The program criticise sociologists for not remembering the importance of genes (which is understandable). In the sociological tradition, there isn’t really much research done where genes is taken into account, and the well-known effect of parent’s influence can therefore in theory very well be a spurious factor. But I think it’s important to be humble for both the sociological and the evolutional approach, and think that the two works in a motorcyclic relationship. What is also important to remember, I think, is the influence not done by parents. Same-aged peers can be a massive influence on your personality, as well as your own experiences and the lessons you learn from them.

The program made me think about new explanations for why I’ve turned out the way I have.
I think I got a fairly good bag of genes from my parents, both of them being very clever in their own way. But I’ve thought many times of how unlike I am to my mother, and I have always thought it was just me being strange, but I’m realising it’s a common thing that I’ve went through. Being shaped by my peers during childhood – or, rather – being reactive to my peers, I made an active choice both to distance myself from many of those my age (being the weird one), and, later on, to distance myself from many of my mum’s values, making myself a quite different personality. During a troublesome time as a kid, I toughened up mentally, making myself somewhat more stable in my view of life and my personality (but the latter by no means set in stone), and still, though I had to make a ditance to my parents, I retained some of the basic values and – I guess – pesonality treats that one can grant genes.

Taking all this into account, I think the model of nature versus (parental) nurture is too easy.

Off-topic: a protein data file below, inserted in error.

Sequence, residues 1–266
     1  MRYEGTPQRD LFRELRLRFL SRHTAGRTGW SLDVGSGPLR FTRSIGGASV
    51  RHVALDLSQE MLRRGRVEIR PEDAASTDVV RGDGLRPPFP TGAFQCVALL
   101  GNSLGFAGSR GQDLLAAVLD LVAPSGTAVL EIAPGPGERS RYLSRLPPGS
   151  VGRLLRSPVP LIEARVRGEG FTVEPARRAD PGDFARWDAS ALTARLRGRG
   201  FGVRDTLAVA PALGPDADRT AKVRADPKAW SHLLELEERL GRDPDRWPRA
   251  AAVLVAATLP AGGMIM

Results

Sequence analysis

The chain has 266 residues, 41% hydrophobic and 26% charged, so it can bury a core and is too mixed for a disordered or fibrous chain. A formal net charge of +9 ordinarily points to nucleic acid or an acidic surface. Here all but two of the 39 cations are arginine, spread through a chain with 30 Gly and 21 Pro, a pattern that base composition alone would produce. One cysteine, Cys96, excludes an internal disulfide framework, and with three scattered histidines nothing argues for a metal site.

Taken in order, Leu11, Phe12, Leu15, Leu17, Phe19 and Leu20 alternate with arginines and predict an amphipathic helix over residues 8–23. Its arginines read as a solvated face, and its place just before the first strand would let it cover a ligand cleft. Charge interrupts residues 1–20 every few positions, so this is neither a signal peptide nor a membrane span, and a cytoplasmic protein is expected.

In my own model (studying sociology makes one exceedingly fond of models) of what shapes a person, I would include both nature (genes) and (parental) nurture, each one being intertwined and in constant influence of each other, and I would also add societal influence and one’s own experience. Neither one of these factors are in themselves deterministic. Genes, I think, makes a very important foundation of one’s abilities, intelligence and also one’s foundational personality treats or dispositions. Parents, on the other hand, can provide an environment in which the latent abilities provided by genes can develop and reach it’s full potential. Society provides all the social norms one has to follow to be a successful individual, and the influence of one’s peers and the interaction with these will undoubtedly make an impact on one’s personality. Lastly, it is life’s coincidences and the experiences these coincidences give, and not least of all how one react to these experiences that makes the person. With constant feedback from others you can over time construct a stable cognitive image of yourself, and this image will be reaffirmed when you act according to it.

All of these things, I think, is important in the shaping of you and me, and plays a part in the abilities and personal traits you have/obtain/fulfill the potential of.

So there you have it! Thanks to Harald Eia for making a program that really made my mind wander.

2 thoughts on “Parents’ influence on children

  1. Eddie the Eagle says:

    “In the beginning of the program I thought it would be a repetition of everything we learn in basic sociology told in a popular language”

    Did you actually expect Eia to promote the mainstream view of environment as important? His previous programs have had pretty much the same message, and they have received enormous attention from the media. If you study sociology in Norway and don’t notice this, you really should read more newspapers.

    • Mari says:

      Being cooped up in a university all day, sorrounded by professors and academics and far from what one may call the real society, it’s a bit hard to know what you mean by mainstream view of environment. But feel free to tell me.